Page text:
Another classic sales book. Frank Bettger writes a personal narrative of failing as an insurance salesman before becoming one of the most successful salesmen in America. Although some of the specifics are dated, Bettger’s basic principles of selling remain hugely relevant today.
11. SPIN Selling
By Neil Rackham (1988)
A more recent classic, SPIN Selling teaches lessons that came from Huwaithe corporation’s massive 12-year research project in the 1970s and 80s. The book introduces a then-groundbreaking approach called “S.P.I.N.” (Situation, Problem, Implication, Need-payoff) to help salespeople approach larger deals.
12.5 Principles of Sales Greatness
By Jeffrey Gitomer (2004)
A soon-to-be classic sales training guide. The Little Red Book is short, sweet and to the point – yet playful enough to include cartoons on almost every page. Gitomer gives you a broad overview of sales with advice on how to handle common situations. It’s not a technical guide – and if you’re an experienced salesperson, this may appear to be all common sense. For those new to sales, however, it serves to be both inspirational and go-to toolkit.
13. Smart Calling
Eliminate the Fear, Failure and Rejection from Cold Calling
By Art Sobczak (2013)
This book is for those who need to get over their dread of cold calling – or those who just want to hear more “yes” on the other line. Sobczak offers a step-by-step manual of cold calling, from research beforehand, to your opening statement, value proposition and more. The “Smart Calling Exercises” throughout the book encourage active involvement on the reader end.
Find Your Super Users, Master the Forever Transaction, and Build Recurring Revenue
By Robbie Kellman Baxter (2015)
This brand new training guide is all about building sales and boosting revenue in a subscription-based business. A popular pricing strategy in the Software-as-a-Service (SaaS) industry, selling memberships has huge opportunities for upsells and loyalty rewards. Baxter teaches what works and what doesn’t – a unique opportunity for startups in the tech world.
The Ultimate Guide to Opening Sales Conversations and Filling the Pipeline by Leveraging Social Selling, Telephone, Email, Text, and Cold Calling
By Jeb Blount (2015)
Fanatical Prospecting is the ultimate guide to finding leads. As a newly published book, it covers all the relevant channels today: from social selling to cold calling, emailing, texting and more. Readers also praise the book for being very actionable – including not just motivational passages, but real concrete tips and templates.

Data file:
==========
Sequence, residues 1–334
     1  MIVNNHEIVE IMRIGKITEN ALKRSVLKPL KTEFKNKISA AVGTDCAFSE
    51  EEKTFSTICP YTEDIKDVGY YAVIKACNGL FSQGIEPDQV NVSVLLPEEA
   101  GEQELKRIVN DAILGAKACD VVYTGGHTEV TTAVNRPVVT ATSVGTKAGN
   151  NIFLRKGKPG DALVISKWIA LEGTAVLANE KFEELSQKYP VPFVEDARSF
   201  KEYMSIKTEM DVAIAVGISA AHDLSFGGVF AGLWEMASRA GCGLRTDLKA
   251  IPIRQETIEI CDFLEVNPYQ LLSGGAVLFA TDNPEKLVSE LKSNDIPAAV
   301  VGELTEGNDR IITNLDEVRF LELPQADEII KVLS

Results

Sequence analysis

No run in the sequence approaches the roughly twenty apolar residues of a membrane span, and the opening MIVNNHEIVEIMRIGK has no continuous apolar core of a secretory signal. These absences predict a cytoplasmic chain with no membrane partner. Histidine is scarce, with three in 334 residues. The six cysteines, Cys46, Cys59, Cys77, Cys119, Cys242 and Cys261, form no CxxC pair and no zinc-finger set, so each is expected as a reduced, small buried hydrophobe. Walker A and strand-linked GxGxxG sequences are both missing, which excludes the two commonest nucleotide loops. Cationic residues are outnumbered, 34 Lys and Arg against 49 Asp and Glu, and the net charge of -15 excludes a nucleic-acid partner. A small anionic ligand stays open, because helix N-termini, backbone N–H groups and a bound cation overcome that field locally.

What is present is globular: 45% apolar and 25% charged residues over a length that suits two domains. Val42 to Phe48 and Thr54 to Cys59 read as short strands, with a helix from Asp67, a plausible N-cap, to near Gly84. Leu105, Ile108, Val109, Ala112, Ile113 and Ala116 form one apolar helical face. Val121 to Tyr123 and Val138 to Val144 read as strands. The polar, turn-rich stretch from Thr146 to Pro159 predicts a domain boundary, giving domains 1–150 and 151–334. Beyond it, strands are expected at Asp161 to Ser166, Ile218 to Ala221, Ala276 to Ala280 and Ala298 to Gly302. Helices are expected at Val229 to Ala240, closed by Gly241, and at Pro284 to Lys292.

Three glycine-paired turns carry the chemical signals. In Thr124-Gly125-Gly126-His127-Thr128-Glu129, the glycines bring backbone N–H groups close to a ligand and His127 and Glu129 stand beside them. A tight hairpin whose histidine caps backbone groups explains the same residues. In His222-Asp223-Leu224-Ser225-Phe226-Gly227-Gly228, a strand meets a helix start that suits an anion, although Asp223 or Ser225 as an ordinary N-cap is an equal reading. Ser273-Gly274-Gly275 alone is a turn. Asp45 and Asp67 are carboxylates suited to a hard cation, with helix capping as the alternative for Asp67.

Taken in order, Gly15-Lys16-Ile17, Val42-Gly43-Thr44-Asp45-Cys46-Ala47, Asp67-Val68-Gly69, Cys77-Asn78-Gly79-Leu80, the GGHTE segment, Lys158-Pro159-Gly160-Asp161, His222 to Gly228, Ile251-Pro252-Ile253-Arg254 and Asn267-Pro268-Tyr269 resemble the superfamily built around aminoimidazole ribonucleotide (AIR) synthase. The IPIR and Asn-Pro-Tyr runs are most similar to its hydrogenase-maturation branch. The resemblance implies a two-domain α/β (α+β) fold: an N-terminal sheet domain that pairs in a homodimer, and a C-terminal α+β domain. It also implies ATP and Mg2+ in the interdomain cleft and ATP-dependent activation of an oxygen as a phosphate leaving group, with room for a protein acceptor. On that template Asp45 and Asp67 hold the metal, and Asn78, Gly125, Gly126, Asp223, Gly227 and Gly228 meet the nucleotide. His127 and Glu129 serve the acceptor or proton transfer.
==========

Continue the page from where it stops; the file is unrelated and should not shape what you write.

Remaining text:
16. Pitch Anything
An Innovative Method for Presenting, Persuading and Winning the Deal
By Oren Klaff (2011)
Oren Klaff hones in on one of the most essential parts of the sales cycle: The pitch. His 5-step S.T.R.O.N.G. method gives you an actionable set of tools to pitch more effectively, and they’re backed up by some cutting-edge research in neuroscience and psychology.
As the name suggests, this book focuses on the end of the sales cycle: When you respond to a client’s objections and close the deal. Ziglar gives over 100 closing scenarios to serve as inspiration. At over 400 pages long and jam-packed with examples, Ziglar writes – by far – the most comprehensive training manual on closing the sale.
As a small business owner, you probably know the lust and frustration that comes with landing a big-name account. Konrath offers the essential training guide on how to approach these unique clients. From prospecting to closing, it covers the practical steps with explicit instructions.
The Bottom Line on the Best Sales Books
Selling changes fast. Whether you’re conducting complex B2B sales, or just looking to sell more goods in your shop, salespeople need to adapt to new technologies and new expectations from consumers. Picking up on the latest research and stories from experts is an easy way to stay on top of things.
At the same time, there are some standard sales lessons that never change – like how to make interpersonal connections. For this knowledge, the classics have held up for a reason!